Intohimo

Northern Lights

Written by: TL on 09/12/2012 12:14:09

We've already gone over the emergence and dip of Swedish post-hardcore/screamo outfit Intohimo - a band named with the Finnish word for 'passion' - when I reviewed their surprising comeback EP Winter Sun from May. That EP tested the waters ahead of the band's third album proper "Northern Lights", which sees them head down the path revealed by likely influences Bring Me The Horizon, of mixing the most aggressive tones from metalcore and post-hardcore with the cinematic scope and atmosphere from post-rock - In fact, from the rumours swirling around the upcoming BMTH release, you could possibly view "Northern Lights" as sort of a scouting mission into these stylistic borderlands, while you wait for BMTH to stage a proper full scale exploration.

While the mentioning of this new twist to the band's sound was enough to get me curious about the album, what ends up characterising it is only partly the originality of the spin on the genre. What's really impressive here is how thorough Intohimo have been in the writing department, because at no point of "Northern Lights" will you find lacklustre parts, clumsy transitions or odd stretches that don't contribute to the whole. Opener proper "Northern Lights Pt. 1" prephrases all that is to come nicely, with a tremolo intro giving way to a sparkling lead riff, which in turn breaks down into the bassy toil of a heavy metalcore verse setting up a catchy clean sung chorus.

Of course, there's no great revolution in the flesh and bone of a heavy verse and a clean chorus, a recipe which is still the foundation for most of "Northern Lights". What does deserve appreciation is how Intohimo set the bar high in almost every department they work with. The heavy infusions for instance, are partly the nasty, muddy onslaught of down-tuned riffage you know from BMTH and partly the eerie positive vibe Misery Signals brought to the world on their influential 2006 album "Mirrors", and the rhythmic patterns of bass, rhythm guitar and drums are kept abrupt and intricate to the point where you have consistent mental images of avalanches, glaciers breaking and great northern beasts locked fang and claw, trading punches in bloody struggle on some pine-clad mountain side.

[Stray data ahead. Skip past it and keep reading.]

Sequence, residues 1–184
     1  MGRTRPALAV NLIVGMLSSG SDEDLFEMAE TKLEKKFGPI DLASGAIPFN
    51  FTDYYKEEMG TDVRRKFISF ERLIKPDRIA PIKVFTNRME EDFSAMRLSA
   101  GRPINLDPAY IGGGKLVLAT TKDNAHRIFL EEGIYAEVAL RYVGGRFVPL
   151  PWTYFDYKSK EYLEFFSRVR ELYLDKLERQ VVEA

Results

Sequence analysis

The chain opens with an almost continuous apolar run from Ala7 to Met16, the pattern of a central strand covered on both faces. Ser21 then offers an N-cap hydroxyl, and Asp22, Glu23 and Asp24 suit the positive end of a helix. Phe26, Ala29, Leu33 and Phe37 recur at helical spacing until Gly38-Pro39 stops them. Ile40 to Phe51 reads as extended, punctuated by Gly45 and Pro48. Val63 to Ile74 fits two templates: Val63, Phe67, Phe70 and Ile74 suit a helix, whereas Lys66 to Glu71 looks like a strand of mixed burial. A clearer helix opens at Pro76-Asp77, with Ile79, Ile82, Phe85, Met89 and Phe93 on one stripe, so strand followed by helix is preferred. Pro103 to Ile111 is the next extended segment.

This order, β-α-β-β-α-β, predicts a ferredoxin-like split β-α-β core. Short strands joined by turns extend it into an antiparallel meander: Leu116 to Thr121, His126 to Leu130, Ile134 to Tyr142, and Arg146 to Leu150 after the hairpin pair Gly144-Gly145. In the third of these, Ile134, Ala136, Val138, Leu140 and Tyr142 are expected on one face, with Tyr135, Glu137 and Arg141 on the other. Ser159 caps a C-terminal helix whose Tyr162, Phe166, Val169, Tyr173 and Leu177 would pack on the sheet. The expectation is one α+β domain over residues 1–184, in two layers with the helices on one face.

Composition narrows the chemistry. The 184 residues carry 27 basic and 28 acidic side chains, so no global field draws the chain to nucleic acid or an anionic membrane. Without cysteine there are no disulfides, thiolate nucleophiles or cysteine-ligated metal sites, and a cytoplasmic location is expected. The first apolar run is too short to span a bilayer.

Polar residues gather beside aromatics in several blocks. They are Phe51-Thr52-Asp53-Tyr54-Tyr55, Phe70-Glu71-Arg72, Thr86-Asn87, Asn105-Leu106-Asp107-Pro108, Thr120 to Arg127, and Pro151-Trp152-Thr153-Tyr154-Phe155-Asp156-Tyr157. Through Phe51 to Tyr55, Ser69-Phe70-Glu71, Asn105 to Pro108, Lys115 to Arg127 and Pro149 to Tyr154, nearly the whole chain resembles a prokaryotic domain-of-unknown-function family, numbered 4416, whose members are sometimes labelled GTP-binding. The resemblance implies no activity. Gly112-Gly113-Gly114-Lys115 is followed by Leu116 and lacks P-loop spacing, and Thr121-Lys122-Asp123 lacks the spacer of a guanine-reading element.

The imagination is only really stirred like that however, because of the interplay from the picturesque post-rock-ish parts that occur like fleeting lulls in the musical storm with more ringing lead riffage, and because of the carefully delivered refrains, which give each song a strong signature. The clean singing might not be of the impossible quality we often hear in this genre, but it is at least varied, and frontman Johan sounds soulful whether he is crooning full power, singing with melancholy or shouting or screaming at the top of his lungs.

All these qualities combine early and often on "Northern Lights", which is marked with several highlights: "Another Low" has a curious melody to its chorus that quickly moves into the memory, as does "Far Side And Further"'s call/response punchline "the journey ends, a new beginning!" and standout track "Crossroad"'s soaring refrain. "The Rotation Of The Earth Vs. Me" ends in a classic break-and-build-up with tremolo riffage coming back in and bringing the album to its pinnacle, and "Underwater Interlude" also deserves a mention for its menacing muffled screams, as does "Northern Lights Pt. 2" which ends the album's regular play time as a simple, traditional, climax-track haunted by dramatic Swedish lyrics; “Kom närmre. Håll mig nära. Jag är inte redo att förlora dig.” (“Come closer. Hold me close. I’m not ready to lose you.”).

The release is extended by the inclusion of the four tracks from the "Winter Sun EP", whose merits I've already elaborated on in its review and which fit seamlessly as an extension of the album. In fact, all things considered it only strengthens "Northern Lights" in its appearance to me as one of the most coherent, consistent and characteristic albums that have been released in these stylistic waters for some time. My one and only gripe with the release is in the levels of the production, the best thing that can be said about them being that they reveal more and more of the album's texture the louder you play it (read: you need to turn this up to get the full payout). It's an annoying little problem on a record that otherwise feels like the band has tried to dot every i and cross every t. Still though, this coming from a band (and local scene) that I throught was down and almost out is an excellent surprise. It makes me want to go moshing and screaming in a blizzard. Check it.

8

Download: Crossroads, The Rotation Of The Earth Vs. Me, Northern Lights Pt. 1, Another Low,
For The Fans Of: Bring Me The Horizon, Adept, Underoath, Her Bright Skies, Akissforjersey
Listen: facebook.com/intohimo

Release Date 12.10.2012
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